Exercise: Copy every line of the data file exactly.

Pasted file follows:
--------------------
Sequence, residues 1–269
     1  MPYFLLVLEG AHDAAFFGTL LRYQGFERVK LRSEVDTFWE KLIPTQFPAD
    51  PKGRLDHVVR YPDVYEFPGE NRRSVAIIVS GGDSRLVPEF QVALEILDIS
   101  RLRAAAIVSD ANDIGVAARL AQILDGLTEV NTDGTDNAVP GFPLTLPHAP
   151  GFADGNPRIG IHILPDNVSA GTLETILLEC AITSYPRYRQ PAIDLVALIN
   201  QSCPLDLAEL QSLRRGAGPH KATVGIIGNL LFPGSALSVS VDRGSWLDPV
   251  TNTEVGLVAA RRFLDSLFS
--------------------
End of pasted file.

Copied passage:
Sequence, residues 1–269
     1  MPYFLLVLEG AHDAAFFGTL LRYQGFERVK LRSEVDTFWE KLIPTQFPAD
    51  PKGRLDHVVR YPDVYEFPGE NRRSVAIIVS GGDSRLVPEF QVALEILDIS
   101  RLRAAAIVSD ANDIGVAARL AQILDGLTEV NTDGTDNAVP GFPLTLPHAP
   151  GFADGNPRIG IHILPDNVSA GTLETILLEC AITSYPRYRQ PAIDLVALIN
   201  QSCPLDLAEL QSLRRGAGPH KATVGIIGNL LFPGSALSVS VDRGSWLDPV
   251  TNTEVGLVAA RRFLDSLFS